National Lottery cash helps mark 70th anniversary of the NHS

Aneurin Bevan, Minister of Health, on the first day of the NHS, at Park Hospital, Davyhulme
Aneurin Bevan, Minister of Health, on the first day of the NHS at Park Hospital, Davyhulme
Thanks to National Lottery players, The University of Manchester will create the first shared social history of the NHS.

The university has been awarded £785,000 of National Lottery funding for its project From Cradle to Grave: The NHS at 70, which will mark the 70th anniversary of the British institution.

The money will enable volunteers from a range of ages and backgrounds to gather stories from the NHS’s history. Patients and workers will be interviewed, as well as politicians and the general public, recording the NHS’s unique place in everyday, post-war British life.

These testimonies will be captured in a range of formats – young people will be trained to become community reporters, filming interviews in their local areas; others will be captured through stories and artifacts.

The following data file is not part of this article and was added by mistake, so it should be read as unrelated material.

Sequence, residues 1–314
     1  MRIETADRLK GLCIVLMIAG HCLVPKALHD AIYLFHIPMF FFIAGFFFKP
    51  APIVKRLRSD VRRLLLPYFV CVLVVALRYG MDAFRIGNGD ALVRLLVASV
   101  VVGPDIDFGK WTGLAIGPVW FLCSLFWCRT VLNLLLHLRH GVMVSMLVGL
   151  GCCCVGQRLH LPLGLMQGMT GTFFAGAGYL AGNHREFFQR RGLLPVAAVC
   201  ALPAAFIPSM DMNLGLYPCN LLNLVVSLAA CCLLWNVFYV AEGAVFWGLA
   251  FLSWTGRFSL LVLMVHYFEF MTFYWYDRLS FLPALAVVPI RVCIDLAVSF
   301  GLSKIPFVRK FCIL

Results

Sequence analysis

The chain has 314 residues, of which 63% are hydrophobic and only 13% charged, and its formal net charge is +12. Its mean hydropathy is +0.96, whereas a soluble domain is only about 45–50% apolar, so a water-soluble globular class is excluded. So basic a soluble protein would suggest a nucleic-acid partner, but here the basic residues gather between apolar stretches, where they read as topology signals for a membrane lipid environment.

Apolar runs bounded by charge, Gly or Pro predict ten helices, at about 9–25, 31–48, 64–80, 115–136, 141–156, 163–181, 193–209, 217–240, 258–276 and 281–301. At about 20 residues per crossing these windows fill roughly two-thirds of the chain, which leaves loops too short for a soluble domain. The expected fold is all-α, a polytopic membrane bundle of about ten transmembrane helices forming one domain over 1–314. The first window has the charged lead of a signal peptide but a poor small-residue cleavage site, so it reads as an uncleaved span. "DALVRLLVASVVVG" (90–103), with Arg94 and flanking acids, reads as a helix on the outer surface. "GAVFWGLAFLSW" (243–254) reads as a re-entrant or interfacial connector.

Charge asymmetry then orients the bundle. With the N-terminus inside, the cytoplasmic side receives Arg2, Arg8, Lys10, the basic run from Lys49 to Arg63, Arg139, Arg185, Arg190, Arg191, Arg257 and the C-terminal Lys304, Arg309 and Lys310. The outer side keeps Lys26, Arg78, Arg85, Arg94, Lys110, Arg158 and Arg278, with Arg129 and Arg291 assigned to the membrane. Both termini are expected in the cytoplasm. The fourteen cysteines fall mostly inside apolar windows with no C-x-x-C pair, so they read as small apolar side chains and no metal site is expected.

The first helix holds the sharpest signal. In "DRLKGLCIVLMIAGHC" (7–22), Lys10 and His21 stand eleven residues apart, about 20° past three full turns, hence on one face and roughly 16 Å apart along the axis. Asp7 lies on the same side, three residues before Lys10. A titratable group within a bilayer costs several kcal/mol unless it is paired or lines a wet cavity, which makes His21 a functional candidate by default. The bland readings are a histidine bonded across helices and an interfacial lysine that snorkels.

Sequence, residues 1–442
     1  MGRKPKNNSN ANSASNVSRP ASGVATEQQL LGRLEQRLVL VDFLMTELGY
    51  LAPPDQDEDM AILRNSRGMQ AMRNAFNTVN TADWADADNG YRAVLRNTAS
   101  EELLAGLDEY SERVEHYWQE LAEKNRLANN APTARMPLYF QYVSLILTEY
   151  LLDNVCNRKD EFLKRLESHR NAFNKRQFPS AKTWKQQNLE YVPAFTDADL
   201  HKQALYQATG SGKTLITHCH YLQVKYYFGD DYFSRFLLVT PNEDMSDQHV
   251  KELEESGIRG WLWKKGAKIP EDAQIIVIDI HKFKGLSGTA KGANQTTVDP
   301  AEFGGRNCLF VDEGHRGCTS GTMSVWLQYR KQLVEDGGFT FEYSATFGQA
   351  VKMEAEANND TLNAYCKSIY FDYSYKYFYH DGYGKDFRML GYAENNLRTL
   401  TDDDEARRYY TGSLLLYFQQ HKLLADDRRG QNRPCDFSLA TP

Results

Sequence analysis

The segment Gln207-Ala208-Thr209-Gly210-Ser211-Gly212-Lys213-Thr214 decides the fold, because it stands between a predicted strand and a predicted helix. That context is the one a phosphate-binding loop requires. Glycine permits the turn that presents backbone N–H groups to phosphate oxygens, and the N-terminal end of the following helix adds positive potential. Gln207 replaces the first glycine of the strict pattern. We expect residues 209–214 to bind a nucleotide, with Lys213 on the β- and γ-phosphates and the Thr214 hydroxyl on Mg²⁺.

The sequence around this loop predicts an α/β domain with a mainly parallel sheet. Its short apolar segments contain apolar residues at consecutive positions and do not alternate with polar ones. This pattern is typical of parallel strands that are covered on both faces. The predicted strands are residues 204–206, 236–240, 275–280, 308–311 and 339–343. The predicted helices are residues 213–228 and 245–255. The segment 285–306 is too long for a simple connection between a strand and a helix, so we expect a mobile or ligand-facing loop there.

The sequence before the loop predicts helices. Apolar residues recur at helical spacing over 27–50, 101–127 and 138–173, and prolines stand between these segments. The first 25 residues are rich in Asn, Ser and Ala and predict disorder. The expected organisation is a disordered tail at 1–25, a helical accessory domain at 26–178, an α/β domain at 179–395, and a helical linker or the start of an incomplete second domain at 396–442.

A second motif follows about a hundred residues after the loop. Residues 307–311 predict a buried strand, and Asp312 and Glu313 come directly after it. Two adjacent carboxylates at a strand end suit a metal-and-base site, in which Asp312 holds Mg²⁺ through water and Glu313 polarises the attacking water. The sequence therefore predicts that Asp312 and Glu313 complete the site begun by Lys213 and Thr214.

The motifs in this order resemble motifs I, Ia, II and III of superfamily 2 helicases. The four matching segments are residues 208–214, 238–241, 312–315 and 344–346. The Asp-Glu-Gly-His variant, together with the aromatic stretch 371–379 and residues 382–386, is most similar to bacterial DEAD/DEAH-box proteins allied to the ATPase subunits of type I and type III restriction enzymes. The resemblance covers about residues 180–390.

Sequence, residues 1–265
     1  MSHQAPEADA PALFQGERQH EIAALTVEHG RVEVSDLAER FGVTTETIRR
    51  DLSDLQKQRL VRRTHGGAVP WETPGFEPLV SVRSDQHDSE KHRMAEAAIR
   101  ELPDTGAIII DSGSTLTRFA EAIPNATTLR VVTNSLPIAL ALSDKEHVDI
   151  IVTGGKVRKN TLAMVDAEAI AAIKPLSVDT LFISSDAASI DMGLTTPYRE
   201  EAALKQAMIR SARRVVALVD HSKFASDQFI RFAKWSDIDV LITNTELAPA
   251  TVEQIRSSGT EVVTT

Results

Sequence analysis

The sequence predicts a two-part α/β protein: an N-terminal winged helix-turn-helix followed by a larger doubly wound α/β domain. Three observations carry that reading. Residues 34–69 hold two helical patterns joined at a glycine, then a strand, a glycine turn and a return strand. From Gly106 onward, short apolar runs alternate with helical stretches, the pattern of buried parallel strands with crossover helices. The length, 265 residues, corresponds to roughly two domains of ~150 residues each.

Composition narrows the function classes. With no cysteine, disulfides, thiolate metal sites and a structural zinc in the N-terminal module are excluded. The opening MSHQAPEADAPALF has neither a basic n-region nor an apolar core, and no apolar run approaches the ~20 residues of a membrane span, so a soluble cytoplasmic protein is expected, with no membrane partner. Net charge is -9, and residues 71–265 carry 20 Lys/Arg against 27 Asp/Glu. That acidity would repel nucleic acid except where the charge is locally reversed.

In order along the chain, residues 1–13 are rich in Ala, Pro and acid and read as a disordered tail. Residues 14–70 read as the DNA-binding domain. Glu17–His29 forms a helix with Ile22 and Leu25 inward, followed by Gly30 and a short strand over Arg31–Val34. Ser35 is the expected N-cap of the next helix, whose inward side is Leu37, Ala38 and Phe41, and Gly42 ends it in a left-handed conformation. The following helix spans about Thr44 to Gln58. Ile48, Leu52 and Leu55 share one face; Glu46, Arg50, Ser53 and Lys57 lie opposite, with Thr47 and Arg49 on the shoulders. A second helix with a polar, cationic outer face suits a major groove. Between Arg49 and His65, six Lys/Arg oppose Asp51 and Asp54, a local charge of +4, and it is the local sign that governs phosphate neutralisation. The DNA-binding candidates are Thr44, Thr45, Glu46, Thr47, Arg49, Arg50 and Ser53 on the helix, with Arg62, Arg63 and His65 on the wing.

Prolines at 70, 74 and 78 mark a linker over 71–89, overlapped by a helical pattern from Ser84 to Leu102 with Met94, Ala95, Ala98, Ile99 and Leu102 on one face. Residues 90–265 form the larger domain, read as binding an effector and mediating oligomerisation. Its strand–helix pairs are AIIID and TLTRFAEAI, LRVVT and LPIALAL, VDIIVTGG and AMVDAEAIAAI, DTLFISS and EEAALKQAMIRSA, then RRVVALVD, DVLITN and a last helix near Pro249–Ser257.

[quote=Ros Kerslake, HLF Chief Executive]“This fantastic project will capture the rich heritage of the NHS, as it reaches its 70th birthday."[/quote]

An innovative new website will allow the public to submit their stories of the NHS by uploading recordings, photos and documents.

All these will contribute to a multimedia, publicly accessible record of the NHS, filling existing gaps in its history, and recording the personal stories that make the service so unique.

Commenting on the award, Project Director, Stephanie Snow said: “We urgently need to capture the memories of the first generations who worked and were cared for by this unique institution as they are now in their 80s and 90s.”

The university will undertake initial development work, focusing on the North West of England and South Wales, working with Age UK, the Mental Health Foundation, Rethink, the Stroke Association, NHS England and the NHS Confederation.

Ros Kerslake, HLF Chief Executive, said: “This fantastic project will capture the rich heritage of the NHS, as it reaches its 70th birthday. We were particularly impressed by the number and range of people who will be involved in the project, receiving training to capture and present the story of this much-loved national treasure for future generations.”

You might also be interested in...